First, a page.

When People and Industry Live Side-by-Side: Health Impacts of PM Pollution
August 20, 2012
In response to: Particulate Matter: Widespread and Deadly
Particulate matter (PM) pollution can have serious health impacts, especially when found in high levels in residential areas. This occurs in both urban and rural areas, due to proximity to industrial facilities and highways, and can result in an increased risk of serious health effects including but not limited to cardiovascular and respiratory illnesses.
Global Community Monitor (GCM) is an environmental justice organization that trains and supports communities in the use of environmental monitoring tools to understand the impacts of industrial pollution on their health and environment. We have worked with several communities that are on the ‘fenceline’ of heavy industry and mobile sources that contribute to elevated levels of PM pollution. The independent air testing program, known as the ‘Bucket Brigade,’ empowers pollution-affected residents to take scientifically credible samples using U.S. Environmental Protection Agency-approved methods and laboratories. The “Bucket” is similar to the Summa Canister, yet much more community friendly and lower in cost. Community members can take samples when and where they want to with the “Bucket,” then send the sample bag containing the air sample to a lab in Southern California for analysis. This gives communities living near refineries, chemical plants or other toxics-emitting sources a chance to even the playing field with indifferent regulators and polluting companies.
In West Oakland, CA, a predominantly low-income community of color, heavy industry and neighborhoods practically overlap. The result is an area of mixed-use zoning where homes, child care centers and schools are next door to large toxic polluters. There is no breathing space or buffer zone to protect residents from industrial PM emissions. Asthma rates in the area exceed county averages and statewide rates.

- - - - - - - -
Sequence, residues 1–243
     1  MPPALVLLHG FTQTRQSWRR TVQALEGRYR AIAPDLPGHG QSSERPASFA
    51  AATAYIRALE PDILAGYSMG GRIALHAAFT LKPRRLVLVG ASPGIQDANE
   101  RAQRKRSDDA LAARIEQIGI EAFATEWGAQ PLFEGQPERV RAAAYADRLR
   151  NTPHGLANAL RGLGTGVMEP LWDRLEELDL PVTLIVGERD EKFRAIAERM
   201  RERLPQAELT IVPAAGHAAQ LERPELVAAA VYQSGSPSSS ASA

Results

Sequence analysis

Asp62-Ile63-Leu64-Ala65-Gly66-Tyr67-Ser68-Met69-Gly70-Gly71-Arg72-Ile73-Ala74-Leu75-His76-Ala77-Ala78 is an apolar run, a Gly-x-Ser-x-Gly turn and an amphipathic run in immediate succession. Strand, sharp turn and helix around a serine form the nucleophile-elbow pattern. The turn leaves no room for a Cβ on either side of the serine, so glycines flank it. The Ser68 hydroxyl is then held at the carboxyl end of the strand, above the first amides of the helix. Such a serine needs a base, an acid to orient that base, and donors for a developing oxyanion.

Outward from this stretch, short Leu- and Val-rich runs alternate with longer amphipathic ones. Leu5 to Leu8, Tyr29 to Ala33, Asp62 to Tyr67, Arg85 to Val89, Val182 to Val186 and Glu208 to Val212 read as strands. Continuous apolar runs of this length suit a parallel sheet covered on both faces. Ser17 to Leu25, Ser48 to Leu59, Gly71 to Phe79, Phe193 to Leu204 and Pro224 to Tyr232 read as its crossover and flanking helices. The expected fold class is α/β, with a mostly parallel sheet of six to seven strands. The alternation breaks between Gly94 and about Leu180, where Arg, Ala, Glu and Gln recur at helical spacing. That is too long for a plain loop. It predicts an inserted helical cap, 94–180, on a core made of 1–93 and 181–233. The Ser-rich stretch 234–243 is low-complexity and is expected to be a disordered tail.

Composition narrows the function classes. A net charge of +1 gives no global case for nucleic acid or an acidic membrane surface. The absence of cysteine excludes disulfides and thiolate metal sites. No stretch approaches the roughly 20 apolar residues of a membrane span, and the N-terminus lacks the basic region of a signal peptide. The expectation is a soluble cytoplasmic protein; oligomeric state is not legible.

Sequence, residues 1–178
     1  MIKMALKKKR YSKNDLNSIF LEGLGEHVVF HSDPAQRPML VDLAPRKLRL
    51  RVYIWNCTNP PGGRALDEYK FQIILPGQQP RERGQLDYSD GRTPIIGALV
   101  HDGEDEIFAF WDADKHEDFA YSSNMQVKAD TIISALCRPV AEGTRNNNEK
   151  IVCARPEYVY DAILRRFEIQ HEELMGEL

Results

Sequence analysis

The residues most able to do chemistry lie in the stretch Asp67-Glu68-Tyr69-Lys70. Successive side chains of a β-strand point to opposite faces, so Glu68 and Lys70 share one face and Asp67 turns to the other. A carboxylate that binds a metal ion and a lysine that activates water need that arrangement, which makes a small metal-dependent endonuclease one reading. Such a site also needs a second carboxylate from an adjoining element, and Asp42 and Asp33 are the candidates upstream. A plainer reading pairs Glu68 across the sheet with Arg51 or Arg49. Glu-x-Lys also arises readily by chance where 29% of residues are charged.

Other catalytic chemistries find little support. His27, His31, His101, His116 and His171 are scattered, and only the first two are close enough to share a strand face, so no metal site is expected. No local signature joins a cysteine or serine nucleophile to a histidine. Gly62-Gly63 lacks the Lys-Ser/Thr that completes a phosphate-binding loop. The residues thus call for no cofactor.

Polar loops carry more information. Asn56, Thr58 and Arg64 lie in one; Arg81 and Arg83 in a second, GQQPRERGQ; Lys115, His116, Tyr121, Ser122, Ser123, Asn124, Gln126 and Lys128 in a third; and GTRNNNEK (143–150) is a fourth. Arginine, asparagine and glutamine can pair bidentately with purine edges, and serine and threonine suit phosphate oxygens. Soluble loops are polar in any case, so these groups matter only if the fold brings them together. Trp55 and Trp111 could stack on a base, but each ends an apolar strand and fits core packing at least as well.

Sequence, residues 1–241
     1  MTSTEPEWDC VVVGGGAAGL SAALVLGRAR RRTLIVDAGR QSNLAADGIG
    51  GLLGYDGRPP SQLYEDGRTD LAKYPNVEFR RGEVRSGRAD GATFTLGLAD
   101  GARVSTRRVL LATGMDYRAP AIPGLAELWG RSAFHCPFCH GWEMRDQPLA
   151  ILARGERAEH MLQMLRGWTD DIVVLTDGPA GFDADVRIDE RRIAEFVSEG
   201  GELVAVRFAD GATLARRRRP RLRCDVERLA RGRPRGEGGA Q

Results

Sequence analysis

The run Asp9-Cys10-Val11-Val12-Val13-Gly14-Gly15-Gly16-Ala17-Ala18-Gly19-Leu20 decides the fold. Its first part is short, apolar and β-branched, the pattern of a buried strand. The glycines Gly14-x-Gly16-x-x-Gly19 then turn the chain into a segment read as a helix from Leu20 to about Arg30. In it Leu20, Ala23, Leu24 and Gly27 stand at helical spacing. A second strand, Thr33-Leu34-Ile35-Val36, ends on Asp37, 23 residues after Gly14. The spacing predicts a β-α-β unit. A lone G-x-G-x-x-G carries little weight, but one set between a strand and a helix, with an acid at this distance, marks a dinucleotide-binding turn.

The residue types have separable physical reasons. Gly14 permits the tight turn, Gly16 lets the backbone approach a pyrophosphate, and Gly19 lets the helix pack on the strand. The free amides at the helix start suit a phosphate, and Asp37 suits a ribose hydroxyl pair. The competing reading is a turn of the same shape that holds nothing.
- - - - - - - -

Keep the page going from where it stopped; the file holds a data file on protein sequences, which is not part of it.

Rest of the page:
Within a residential area of West Oakland, GCM trained community residents to monitor air emissions from a scrap metal recycling facility which accepts scrap metal and melts down the aluminum to be repurposed. Considered a ‘green’ business, it is currently under-regulated by the local air district. PM emissions from this facility have gone off-site and the PM pollution has been found within the community, including the local high school. Results from the air monitoring done in the community indicate elevated levels lead and other toxic metals including mercury, manganese, nickel and arsenic. The most likely health impacts of exposure to these pollutants are an increased risk of kidney disease, neurological damage, cancer and asthma.
Similarly, in Claymont, DE, GCM worked with a community living next to a steel plant that also recycles scrap metal. Community monitoring in the area showed high levels of PM pollution, including particularly toxic heavy metals like lead and mercury. According to University of Southern California professor Constantinos Sioutas who analyzed the data, “long-term exposure to fine particulate matter in residential location near the Claymont Steel industrial [site] would be considered unsafe by the U.S. Environmental Protection Agency and the World Health Organization.” Long-term exposure to high levels of lead and manganese can cause health problems including nervous system disorders, development disabilities, blood diseases and other ailments, according to the EPA.
The problem of PM pollution is not limited to urban areas with industrial facilities. From March 2011 through March 2012, GCM partnered with the “TriCounty Watchdogs” of rural Lebec, CA to do citizen-based air monitoring near California freeway Interstate 5. The group is based in a community where I-5 runs through a narrow mountain pass which at times traps PM pollution from nearby cities and the Central Valley in California. This problem is further exacerbated by heavy truck traffic along the major California freeway. State data indicate that nearly 70,000 vehicle pass by Lebec on the I-5 each day, and approximately 18,000 of those are large trucks with diesel-fueled engines.
Not surprisingly given the heavy diesel traffic, asthma rates are high at the middle school located only a few hundred feet from the freeway. Children describe their “lungs hurting” after soccer games on bad air days. An analysis of the project’s air sampling data indicates that the Lebec community, including a school with 240 students, is impacted by diesel particulate pollution at levels that pose a risk of cardiovascular and respiratory effects, including increased incidence of hospitalizations and premature death.
The levels of air pollution monitored in Lebec are comparable to those of a major city, yet Lebec and nearby Frazier Park are places many families settle to escape the compromised air quality of the region’s major cities. This in turn contributes to the air quality problem in Lebec, as many residents commute up to an hour each day for work.
These cases do not have easy solutions. However, we do know that people need buffer zones -- a space between heavy industry or mobile sources of pollution and population centers like schools, homes and parks. This buffer zone would greatly reduce the amount of PM pollution residents are exposed to and in turn reduce the risks of serious health effects.